• Why Does Noise Pollution Spell Death for Young Fish?

News & Views

Why Does Noise Pollution Spell Death for Young Fish?

Feb 15 2016

When sun seekers cruise along the surface in their motor boats, there’s little thought given to the impact the roaring machines may have on the marine life below. While whales, dolphins, sharks and other large animals remain largely unaffected, the latest research has shown that their smaller counterparts are easier to prey on due to the noise pollution.

Conducted by scientists at the UK’s University of Exeter, the study found that predator fish were able to gobble down twice as many smaller fish when motor boats were in close proximity. This indicates that there’s a direct link between noise pollution and fish survival.

Steve Simpson, head of the international research team described the effect as a “cloak of noise” that directly impacts the vulnerability and hunting skills of marine fish.

“Noise is yet another [manmade] problem for the oceans, but it is one we can solve more easily than things like climate change,” explains Simpson. “If we can take one of the stressors out of the equation, we can give fish one less thing to worry about.”

Damselfish vs Dottybacks

The research was carried out at the Great Barrier Reef’s Lizard Island, where scientists studied the behaviour patterns of young ambon damselfish, and their predator counterparts, dusky dottybacks.

When motor boats were close by the number of devoured damselfish doubled, as well as increased stress levels by 33%. The small ‘Pomacentrus amboinensis’ were six times less likely to be startled as a predator approached, and were still 22% slower to flee when they realised they were under attack.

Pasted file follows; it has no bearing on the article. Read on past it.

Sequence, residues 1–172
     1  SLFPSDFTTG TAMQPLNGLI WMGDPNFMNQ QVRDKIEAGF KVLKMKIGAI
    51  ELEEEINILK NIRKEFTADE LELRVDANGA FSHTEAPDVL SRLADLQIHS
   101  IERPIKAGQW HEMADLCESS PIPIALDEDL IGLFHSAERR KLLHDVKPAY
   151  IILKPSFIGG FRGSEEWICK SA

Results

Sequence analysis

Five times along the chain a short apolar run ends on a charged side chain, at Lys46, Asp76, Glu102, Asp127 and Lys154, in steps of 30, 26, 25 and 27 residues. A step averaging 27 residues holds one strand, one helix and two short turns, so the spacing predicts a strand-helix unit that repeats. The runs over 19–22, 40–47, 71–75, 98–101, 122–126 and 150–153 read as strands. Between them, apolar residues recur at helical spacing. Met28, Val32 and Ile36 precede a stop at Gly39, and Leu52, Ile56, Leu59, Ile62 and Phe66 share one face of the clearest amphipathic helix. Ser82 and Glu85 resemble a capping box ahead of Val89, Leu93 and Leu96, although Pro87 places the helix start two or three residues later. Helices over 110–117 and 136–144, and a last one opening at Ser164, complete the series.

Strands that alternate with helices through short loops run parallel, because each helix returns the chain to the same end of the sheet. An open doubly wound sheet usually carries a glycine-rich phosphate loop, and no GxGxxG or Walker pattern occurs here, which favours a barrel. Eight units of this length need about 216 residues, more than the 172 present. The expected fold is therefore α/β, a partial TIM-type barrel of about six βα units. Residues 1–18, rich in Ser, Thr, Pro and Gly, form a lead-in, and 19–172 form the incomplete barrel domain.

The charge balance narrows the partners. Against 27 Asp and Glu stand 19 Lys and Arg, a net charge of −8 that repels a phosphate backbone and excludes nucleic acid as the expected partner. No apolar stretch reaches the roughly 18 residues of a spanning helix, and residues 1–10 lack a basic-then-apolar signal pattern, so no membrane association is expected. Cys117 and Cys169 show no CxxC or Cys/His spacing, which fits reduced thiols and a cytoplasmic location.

“In this case, the motor boats spell death for the young fish,” said Simpson. “Under the cloak of noise, the predator is winning.” He compares the effects of stress to the impact it can have on people, explaining that “It can cause fish to respond [to attacks] in the wrong ways.”

A new weapon for conservationists

When it comes to conservation, the new research offers invaluable insight into how marine biologists can protect ecosystems. Mark Meekan of the Australian Institute of Marine Science asserts, “If we can reduce the effect of local noise pollution, we can build greater resilience in reef communities to looming threats such as global warming.”

Noise pollution isn’t the only factor putting Australia’s marine life at risk. Pesticides are also a major cause for concern, seeping into oceans and poisoning wildlife. ‘Managing PAHs and Pesticides with a Rapid UHPLC-MS/MS Analysis’ looks at how the issue is being managed, and the role of rapid UHPLC-MS/MS analysis in differentiating between compounds in order to define a composition and pinpoint toxicity risks.

Image via Flickr Creative Commons. Photo credits: Klaus Stiefel


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